Many office building hallways are garnered with bland signs containing the names of each business in the building - each name looking exactly the same as the next, with regard to design. This is fine if you're simply trying to instructor a visitor on the location of your office, but it says nothing to the visitor about your company's unique identity. When a client or a prospective employee visits your company, don't you want them to get excited about your brand? Don't you want your brand to be memorable to them? If you could do this in an easy, cost-effective way, why wouldn't you?
Chances are, you already have a good logo, so why not use it in this context? After all, a good logo not only gets people excited about your company, it builds trust in your product or service. While it's true that you want your company logo to be unique, at the same time, studies show that if it very slightly references another reputable company's logo, people will be more likely to trust your company. You certainly won't be able to represent this to your visitors, if your business' logo isn't even displayed in the halls of your building.
Distinct Yet Recognizable
For example, if you have 4 logos side by side - 3 of which all look pretty much the same (blatant and generic), and one that looks very similar to another well-known logo, your eyes will immediately be drawn to the subsequently mentioned one, as opposed to the other three. All in all, good logo design is about making an impact and you can certainly do this with acrylic signs.
Choosing The Right Typeface
And, in many respects, when you're talk about details in a logo, the typeface is a big part of this. If you're overwhelmed going back and forth between ideas, "keeping it simple" is a good rule to work within. If you're designing your logo from scratch, begin to look at what fonts are popular in your industry. If you're looking for a clean, bold, and contemporary font, Helvetica is always a winner, but then again, it can get lost in the shuffle because countless companies use the Helvetica typeface to represent themselves. If you're looking for a typeface to represent an educational foundation, college, or law firm, Trajan Pro (with its column-esque design) might be a good choice, but you would probably never use this in packaging for baby products, as it seems to make a statement too powerful to be used on infants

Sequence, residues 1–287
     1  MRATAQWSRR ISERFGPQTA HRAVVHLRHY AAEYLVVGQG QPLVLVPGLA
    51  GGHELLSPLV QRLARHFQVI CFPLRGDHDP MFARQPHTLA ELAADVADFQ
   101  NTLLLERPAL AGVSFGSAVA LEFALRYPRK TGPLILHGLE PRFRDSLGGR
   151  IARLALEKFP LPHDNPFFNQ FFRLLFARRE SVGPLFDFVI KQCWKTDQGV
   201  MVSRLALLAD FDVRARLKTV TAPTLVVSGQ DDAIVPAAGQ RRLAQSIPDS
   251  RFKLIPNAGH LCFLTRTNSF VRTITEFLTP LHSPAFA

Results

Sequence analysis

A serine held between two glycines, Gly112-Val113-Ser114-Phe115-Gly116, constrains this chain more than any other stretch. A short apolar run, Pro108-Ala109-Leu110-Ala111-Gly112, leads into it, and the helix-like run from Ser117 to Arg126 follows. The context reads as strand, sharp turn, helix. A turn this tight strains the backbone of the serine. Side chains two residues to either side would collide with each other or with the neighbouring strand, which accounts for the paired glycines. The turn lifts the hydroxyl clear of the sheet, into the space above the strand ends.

Coloring Is Key
Besides typeface, the colors in your logo play a huge role in becoming memorable and enticing to potential customers. We hinted earlier that the distinctive Starbucks green sticks out, upon a viewing of many logos. So, again, researching your target market will be a key to your success. It's important to keep in mind that it's not always as simple as picking out the leading company in your industry, and then referencing them. Sometimes this isn't the best way to go, and even if you do decide to advertise yourself in that route, you can't be too obvious that you've gotten your ideas from them. Blue has been known to be calming and neutral, while reds and black portray a more stylish allure, and the list goes on. Simply put, it's vital that you pay attention to all of these aspects when designing your logo.
Acrylic Is The Way To Go
Whether you have a logo that's worked for you for years, or your just getting started with it, there's no doubt that you should display it with a custom-made acrylic sign, as opposed to the outdated, cookie-cutter signs that office buildings still so frequently use.